Similarly, a jury may assess the comparative fault of defendants who were dismissed due to a plaintiff's failure to comply with the affidavit of merit statute. Burt, supra, 339 N.J. Super. at 306-08. "To hold otherwise would mean that plaintiff's failure to comply with the Affidavit of Merit against the [dismissed] Anesthesiology defendants deprived the [remaining] Hospital defendants, through no fault of their own, of the opportunity to shift some, if not all, of the blame for plaintiff's injuries to the [dismissed] Anesthesiology defendants." Id. at 307.

Here, permitting an apportionment of liability against the dismissed engineers will not contravene the Statute of Repose. SESI and Harrison-Hamnett obtained summary judgment, all claims against them have been dismissed with prejudice, and they will not be required to participate in the re-trial. Accordingly, we reverse and remand and direct that at trial the judge permit apportionment of liability against SESI and Harrison-Hamnett. If the jury finds SESI and Harrison-Hamnett negligent, then the Town's recovery must be diminished by the percentage of negligence allocated to them. The effect of this conclusion accommodates the Statute of Repose, the Comparative Negligence Act, and the Joint Tortfeasors Contribution Law.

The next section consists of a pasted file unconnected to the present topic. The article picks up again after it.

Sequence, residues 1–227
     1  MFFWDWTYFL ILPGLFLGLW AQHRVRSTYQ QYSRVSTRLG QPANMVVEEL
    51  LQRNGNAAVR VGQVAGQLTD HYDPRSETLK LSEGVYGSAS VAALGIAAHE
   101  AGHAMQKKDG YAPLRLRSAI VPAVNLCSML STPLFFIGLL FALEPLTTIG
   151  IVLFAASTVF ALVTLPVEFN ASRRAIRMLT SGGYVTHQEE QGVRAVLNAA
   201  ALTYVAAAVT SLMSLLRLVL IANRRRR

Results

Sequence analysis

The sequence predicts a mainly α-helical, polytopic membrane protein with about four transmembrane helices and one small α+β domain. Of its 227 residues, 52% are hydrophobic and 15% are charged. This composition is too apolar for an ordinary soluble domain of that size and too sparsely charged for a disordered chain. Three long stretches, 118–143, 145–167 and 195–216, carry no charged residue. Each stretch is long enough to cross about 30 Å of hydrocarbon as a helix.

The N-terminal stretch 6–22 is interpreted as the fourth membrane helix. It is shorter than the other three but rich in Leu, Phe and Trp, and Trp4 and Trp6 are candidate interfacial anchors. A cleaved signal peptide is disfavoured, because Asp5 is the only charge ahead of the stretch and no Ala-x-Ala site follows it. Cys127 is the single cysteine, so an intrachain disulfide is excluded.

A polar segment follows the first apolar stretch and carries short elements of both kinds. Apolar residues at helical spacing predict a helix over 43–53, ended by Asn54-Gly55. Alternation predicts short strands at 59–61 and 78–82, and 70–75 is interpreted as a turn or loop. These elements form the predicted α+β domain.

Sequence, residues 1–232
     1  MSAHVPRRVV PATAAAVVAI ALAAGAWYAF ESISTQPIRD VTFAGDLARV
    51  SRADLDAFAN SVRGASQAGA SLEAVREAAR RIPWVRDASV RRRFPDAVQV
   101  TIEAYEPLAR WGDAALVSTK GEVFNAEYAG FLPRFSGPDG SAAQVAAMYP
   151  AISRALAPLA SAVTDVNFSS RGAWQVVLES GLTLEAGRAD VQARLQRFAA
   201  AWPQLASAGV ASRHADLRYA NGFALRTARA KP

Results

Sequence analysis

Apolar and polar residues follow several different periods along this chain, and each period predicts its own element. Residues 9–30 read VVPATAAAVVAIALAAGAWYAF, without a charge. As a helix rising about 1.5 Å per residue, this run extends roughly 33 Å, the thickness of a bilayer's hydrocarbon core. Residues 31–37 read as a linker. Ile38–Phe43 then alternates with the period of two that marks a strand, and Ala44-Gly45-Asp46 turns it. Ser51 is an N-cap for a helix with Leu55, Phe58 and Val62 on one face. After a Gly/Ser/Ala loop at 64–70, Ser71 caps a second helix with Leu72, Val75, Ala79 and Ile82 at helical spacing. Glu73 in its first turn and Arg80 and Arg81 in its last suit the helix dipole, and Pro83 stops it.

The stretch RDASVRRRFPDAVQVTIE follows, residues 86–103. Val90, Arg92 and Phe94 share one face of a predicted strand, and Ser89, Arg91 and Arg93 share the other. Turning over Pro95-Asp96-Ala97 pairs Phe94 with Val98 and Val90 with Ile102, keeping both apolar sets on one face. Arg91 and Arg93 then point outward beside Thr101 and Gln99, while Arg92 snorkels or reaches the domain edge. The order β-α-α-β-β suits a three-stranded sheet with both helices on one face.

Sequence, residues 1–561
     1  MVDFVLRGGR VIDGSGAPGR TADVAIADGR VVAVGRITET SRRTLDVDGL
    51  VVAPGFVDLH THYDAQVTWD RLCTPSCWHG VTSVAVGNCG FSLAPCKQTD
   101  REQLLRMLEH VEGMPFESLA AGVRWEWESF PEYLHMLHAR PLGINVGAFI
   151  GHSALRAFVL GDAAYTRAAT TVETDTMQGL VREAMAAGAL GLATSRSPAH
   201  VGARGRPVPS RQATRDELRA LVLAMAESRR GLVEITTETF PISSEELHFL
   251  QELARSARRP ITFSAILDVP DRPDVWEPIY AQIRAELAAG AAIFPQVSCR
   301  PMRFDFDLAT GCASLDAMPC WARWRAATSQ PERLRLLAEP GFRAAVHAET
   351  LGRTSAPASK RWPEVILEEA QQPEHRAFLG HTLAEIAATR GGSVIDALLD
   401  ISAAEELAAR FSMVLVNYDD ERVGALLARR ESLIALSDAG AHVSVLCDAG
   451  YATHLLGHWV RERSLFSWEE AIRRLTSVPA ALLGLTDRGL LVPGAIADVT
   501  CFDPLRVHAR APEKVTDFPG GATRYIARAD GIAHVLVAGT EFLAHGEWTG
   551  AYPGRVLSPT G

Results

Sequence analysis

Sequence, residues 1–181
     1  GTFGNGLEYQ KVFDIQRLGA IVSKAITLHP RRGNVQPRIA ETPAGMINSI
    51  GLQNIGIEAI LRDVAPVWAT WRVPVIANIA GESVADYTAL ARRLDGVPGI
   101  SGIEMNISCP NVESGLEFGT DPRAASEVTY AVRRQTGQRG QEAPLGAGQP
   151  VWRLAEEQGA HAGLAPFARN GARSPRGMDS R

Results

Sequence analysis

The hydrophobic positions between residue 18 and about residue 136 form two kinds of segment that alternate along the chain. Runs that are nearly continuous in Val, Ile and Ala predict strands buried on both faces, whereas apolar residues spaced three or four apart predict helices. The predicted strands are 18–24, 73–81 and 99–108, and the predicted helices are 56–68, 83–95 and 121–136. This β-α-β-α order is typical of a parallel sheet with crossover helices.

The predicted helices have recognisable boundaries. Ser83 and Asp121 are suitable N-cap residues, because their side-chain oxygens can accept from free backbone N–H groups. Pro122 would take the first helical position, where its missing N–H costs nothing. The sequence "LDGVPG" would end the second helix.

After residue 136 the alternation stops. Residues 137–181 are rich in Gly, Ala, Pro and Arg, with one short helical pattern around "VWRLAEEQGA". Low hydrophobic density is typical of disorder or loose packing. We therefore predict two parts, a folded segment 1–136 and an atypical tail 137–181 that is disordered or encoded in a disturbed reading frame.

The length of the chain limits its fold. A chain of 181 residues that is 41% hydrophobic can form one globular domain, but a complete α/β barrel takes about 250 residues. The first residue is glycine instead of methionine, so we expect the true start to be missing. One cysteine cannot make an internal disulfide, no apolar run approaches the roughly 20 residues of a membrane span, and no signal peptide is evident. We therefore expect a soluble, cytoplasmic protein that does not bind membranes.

On the other hand, we agree with the trial judge that the Town's negligence contributing to the harm is not subject to an apportionment of liability. Courts have long recognized that "when the duty of the professional encompasses the protection of the client or patient from self-inflicted harm, the infliction of that harm is not to be regarded as contributory negligence on the part of the client." Conklin v. Hannoch Weisman, 145 N.J. 395, 412 (1996). Thus, "professionals may not diminish their liability under the Comparative Negligence Act when the alleged negligence of the client relates to the task for which the professional was hired." Aden v. Fortsh, 169 N.J. 64, 78 (2001). "[I]n general, the comparative fault defense will not apply in a plaintiff's suit alleging a professional's malpractice, at least in those cases in which the defendant argues that the plaintiff was at fault in failing to understand or to perform the task for which the professional was hired." Ibid. (citation and internal quotation marks omitted).